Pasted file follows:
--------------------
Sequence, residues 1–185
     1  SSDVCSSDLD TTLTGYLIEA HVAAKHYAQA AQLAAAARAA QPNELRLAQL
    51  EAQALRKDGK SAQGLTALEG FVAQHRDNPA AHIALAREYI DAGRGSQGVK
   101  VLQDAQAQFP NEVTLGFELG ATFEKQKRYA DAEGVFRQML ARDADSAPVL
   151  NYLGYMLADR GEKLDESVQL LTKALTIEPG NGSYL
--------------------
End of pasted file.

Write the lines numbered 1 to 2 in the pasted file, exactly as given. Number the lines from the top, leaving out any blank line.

Sequence, residues 1–185
     1  SSDVCSSDLD TTLTGYLIEA HVAAKHYAQA AQLAAAARAA QPNELRLAQL